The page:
In the most advanced stages of Alzheimer's disease, people no longer recognize family members, understand language or are able to perform the most basic life tasks. The final phase of the disease may last from a few months to several years.
While Alzheimer's disease is the most common cause of dementia, diagnosing it requires ruling out other potential causes. A definitive Alzheimer's diagnosis can only be made after death when a sample of brain tissue can be examined. Careful medical evaluation helps exclude other conditions linked to dementia such as thyroid and vascular disorders. The diagnostic process for Alzheimer's usually includes:
- A physical exam and medical history -A health care provider will take a history with a review of the patient's prescription drugs, conduct a physical exam (including a neurological exam to test reflexes and coordination), and perform a mental status examination. Laboratory testing of blood, urine or other samples can help rule out other possible causes of symptoms.
- Neuropsychological testing - Testing of cognitive function, including memory, perception, language and other skills can shed light on the type of impairment present and possible source of the dementia.
- Brain imaging - Brain imaging tests help rule out structural abnormalities in the brain brought on by blood clots, brain tumor or stroke. Types of studies used most often are magnetic resonance imaging (MRI) and computed tomography (CT).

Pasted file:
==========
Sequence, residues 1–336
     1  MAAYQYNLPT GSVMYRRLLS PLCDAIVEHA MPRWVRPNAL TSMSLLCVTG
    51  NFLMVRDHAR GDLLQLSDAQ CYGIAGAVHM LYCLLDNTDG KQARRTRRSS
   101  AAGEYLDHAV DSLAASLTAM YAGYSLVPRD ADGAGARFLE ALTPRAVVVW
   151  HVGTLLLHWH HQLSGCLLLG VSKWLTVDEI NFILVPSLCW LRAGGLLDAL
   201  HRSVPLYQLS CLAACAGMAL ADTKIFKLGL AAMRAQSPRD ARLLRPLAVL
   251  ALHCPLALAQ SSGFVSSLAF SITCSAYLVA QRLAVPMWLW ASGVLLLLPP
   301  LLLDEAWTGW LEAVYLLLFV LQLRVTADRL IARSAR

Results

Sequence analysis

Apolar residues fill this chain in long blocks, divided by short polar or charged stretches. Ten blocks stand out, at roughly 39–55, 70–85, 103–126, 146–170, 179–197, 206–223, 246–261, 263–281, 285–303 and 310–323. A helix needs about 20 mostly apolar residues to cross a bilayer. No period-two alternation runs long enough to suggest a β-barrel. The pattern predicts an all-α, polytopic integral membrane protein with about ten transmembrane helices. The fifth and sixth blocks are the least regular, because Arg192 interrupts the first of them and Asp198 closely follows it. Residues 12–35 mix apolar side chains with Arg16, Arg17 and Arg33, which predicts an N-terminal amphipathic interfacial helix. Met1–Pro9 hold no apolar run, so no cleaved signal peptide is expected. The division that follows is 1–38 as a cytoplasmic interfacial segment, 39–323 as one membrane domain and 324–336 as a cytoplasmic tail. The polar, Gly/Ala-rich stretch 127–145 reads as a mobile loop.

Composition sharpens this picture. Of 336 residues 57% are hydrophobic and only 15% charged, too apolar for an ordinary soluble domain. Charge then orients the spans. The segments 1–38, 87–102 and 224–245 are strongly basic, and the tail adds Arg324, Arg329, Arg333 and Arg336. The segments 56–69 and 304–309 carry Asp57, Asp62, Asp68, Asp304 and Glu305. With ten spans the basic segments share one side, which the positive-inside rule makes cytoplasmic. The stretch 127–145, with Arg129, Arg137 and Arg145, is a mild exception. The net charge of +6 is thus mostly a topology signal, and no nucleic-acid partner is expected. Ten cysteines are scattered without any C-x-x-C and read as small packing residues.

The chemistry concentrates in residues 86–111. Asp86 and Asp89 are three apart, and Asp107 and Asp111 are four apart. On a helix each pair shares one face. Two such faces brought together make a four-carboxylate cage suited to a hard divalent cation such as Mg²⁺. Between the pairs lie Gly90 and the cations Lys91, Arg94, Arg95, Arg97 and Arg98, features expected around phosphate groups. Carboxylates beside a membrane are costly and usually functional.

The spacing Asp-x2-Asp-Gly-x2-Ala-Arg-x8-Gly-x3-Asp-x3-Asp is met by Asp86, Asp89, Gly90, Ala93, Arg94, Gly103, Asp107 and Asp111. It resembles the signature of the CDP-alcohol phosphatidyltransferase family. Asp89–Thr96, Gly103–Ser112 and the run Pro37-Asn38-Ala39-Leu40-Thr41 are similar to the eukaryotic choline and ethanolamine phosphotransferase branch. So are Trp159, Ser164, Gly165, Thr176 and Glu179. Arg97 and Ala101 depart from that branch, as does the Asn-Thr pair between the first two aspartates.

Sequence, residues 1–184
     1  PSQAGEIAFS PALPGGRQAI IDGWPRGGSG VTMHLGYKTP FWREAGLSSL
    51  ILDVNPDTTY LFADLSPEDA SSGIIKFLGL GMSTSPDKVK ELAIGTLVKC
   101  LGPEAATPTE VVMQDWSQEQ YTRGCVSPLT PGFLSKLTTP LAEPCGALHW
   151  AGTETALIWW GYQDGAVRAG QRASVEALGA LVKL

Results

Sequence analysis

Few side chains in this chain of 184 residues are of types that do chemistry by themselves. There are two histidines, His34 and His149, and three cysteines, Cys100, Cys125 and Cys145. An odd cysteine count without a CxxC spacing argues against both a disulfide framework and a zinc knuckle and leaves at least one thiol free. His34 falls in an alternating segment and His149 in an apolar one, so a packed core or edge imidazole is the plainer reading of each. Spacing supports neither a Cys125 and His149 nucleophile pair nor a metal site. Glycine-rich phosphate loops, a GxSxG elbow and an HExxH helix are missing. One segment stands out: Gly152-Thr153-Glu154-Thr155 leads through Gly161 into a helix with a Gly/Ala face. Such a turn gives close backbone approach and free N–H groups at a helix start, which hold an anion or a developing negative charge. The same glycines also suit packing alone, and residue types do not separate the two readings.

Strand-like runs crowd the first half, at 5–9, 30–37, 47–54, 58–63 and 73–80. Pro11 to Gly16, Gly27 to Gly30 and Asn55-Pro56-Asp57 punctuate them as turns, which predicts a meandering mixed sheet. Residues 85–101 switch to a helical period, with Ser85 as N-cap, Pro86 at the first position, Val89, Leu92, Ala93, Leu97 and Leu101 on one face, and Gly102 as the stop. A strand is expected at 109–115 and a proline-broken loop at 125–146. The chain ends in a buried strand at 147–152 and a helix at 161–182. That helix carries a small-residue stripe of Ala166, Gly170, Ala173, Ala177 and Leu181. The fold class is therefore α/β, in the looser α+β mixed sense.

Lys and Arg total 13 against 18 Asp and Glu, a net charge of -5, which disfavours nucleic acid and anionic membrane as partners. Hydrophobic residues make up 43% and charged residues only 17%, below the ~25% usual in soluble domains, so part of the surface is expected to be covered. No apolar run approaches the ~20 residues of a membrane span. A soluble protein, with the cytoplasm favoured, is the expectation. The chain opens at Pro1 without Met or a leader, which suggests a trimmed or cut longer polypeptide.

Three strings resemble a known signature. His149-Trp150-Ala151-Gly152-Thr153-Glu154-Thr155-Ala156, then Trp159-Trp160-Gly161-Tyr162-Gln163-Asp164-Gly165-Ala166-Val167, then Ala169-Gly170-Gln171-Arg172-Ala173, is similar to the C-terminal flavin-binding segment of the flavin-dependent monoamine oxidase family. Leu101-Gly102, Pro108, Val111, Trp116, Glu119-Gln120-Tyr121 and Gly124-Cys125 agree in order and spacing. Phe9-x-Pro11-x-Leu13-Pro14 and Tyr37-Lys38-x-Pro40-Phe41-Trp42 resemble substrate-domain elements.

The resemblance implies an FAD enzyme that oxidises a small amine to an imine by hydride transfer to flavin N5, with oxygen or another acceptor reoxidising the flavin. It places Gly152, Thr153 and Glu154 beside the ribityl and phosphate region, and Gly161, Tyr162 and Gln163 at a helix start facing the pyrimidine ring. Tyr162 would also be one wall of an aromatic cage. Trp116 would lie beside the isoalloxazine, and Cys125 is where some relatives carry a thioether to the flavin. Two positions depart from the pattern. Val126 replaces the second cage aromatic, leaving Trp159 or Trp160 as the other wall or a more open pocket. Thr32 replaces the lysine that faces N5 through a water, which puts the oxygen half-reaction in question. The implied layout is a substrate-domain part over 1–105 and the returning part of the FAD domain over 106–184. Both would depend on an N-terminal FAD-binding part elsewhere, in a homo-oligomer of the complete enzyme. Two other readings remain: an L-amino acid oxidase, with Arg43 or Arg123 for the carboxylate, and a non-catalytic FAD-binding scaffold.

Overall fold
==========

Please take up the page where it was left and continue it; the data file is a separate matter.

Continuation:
Currently there is no cure for Alzheimer's disease. The goals of treatment are to slow the progression of the disease while supporting family and caregivers. Some medications are used on a short-term basis to slightly improve or stabilize symptoms and slow cognitive decline. Other drugs can be used to help with behavioral symptoms, such as sleeplessness and agitation.
Because medications can have disruptive side effects and may not offer noticeable improvement, patients and caregivers should discuss the appropriateness and timing of using medications with the patient's health care provider.
Types of drugs used to treat Alzheimer's disease:
- Memantine (Namenda) is currently the only drug approved for the treatment of moderate-to-severe Alzheimer's disease. Anxiety and agitation are possible side effects.
- Neurotransmitters are the message carrying chemicals in the brain. Drugs that affect the levels of the neurotransmitter acetylcholine are Donepezil (Aricept), rivastigmine (Exelon) and galantamine (Razadyne, formerly called Reminyl). Side effects in the form of flu-like symptoms can result.
Other types of drugs are sometimes needed to control aggressive or dangerous behaviors.
It also may be necessary to stop taking medications suspected of making confusion worse. These drugs can include painkillers, antihistamines, sleeping pills and others. However a patient should never change or stop taking any medicines without first talking to their health care provider.
Vitamins such as folate (vitamin B9), vitamin B12, and vitamin E are known to support the nervous system and possibly affect the rate of cell damage. However, there is no clear evidence that taking these vitamins prevents Alzheimer's or slows the disease once it occurs.
The herb ginkgo biloba has been used by those who believe it prevents or slows the development of dementia. However, studies to date have failed to show that the herb lowers the chance of developing dementia, or improves the cognitive abilities of those who already have Alzheimer's. DO NOT use ginkgo if you take blood-thinning medications like warfarin (Coumadin) or a class of antidepressants called monoamine oxidase inhibitors (MAOIs).
It is important to talk to a health care provider before taking any supplements. These products are available over the counter and are NOT regulated by the FDA.